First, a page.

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Transcatheter aortic valve replacement

A physician prepares for transcatheter aortic valve replacement, or TAVR, one of the treatments under discussion at this week's Rocky Mountain Valve Symposium. Hosted by the International Heart Institute of Montana, this is the 26th such symposium.

They’re playfully calling it “Rocky XXVI” – and that would be the sequel in which the medical community once again puts on the gloves and takes on heart disease.

Heart specialists from all across the U.S. and from other countries are gathering in Missoula this week for the 26th Rocky Mountain Valve Symposium, scheduled for Thursday through Saturday. The International Heart Institute of Montana at Providence St. Patrick Hospital holds the symposium.

Tim Descamps, executive director of the International Heart Institute of Montana Foundation, said about 75 doctors from all over the United States will attend, along with a few more from Japan and Brazil. Counting Providence people who have registered, the number of those taking in the conference will be about 180.

Descamps said the symposium got started as a convenient way for Providence St. Patrick doctors to keep up with innovations in cardiac surgery. Now, as it builds on more than a quarter-century of experience, the 2016 symposium will look at innovations such as “percutaneous” or through-the-skin heart valve replacement or repair. Such techniques were once reserved for high-risk patients who weren’t thought to be good candidates for surgery. Now such treatments are being considered for others.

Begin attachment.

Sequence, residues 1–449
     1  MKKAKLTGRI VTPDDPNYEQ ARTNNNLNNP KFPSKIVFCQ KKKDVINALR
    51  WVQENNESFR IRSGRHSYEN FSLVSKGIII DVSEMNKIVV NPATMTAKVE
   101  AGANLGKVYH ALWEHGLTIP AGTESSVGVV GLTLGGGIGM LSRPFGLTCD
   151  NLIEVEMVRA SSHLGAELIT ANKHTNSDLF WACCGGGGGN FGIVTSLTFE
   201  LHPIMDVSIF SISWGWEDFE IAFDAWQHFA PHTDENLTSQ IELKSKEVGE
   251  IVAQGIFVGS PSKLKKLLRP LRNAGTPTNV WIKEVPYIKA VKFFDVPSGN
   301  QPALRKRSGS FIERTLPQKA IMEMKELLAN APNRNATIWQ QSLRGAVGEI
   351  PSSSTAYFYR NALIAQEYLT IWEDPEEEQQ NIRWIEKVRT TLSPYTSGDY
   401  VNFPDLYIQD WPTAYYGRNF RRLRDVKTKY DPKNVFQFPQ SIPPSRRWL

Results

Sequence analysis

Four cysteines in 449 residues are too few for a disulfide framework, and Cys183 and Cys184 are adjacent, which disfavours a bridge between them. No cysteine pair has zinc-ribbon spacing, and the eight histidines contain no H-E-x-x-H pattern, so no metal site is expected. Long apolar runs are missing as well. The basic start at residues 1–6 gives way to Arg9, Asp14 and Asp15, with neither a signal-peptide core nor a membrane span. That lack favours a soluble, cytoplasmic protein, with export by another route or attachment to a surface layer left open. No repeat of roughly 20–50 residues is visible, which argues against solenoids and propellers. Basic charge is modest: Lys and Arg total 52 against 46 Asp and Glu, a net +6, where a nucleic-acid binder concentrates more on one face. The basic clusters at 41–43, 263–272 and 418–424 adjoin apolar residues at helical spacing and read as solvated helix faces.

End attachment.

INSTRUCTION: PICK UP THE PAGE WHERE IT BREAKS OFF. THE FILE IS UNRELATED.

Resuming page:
Descamps said the symposium has continued thanks to the quality of the presenters, the reputation of the International Heart Institute, and the charm of Missoula in the summertime. Those attending the symposium each year tend to be some of the very best in dealing with issues related to heart valves.

“They are leaders in their respective fields,” Descamps said. “They’re typically well-published. They’re the thought-leaders in their fields.”

The course is intended for cardiac surgeons, interventional cardiologists, echo-cardiologists, anesthesiologists, internists, nurses, physician assistants and other health care professionals involved in the evaluating, diagnosing or treating patients with heart valve disease.

The three-day conference in 2016 deals with surgical techniques, imaging, minimally invasive approaches, and interventional therapies in complex heart valve disease management.

Experts will discuss the exponential growth in minimally invasive techniques used to treat structural heart disease, organizers say. Structural heart disease is any abnormality or defect of the heart muscle or the heart valves. It can be present at birth, or can result from an infection, damage during a heart attack or aging.

Some minimally invasive procedures reserved only for high-risk patients – patients who might not be physically able to withstand open-heart surgery, but who had no other life-saving choice – currently are being evaluated for use in lower-risk patients.

The agenda, details about the speakers and more information can be found at rockymountainvalvesymposium.org.

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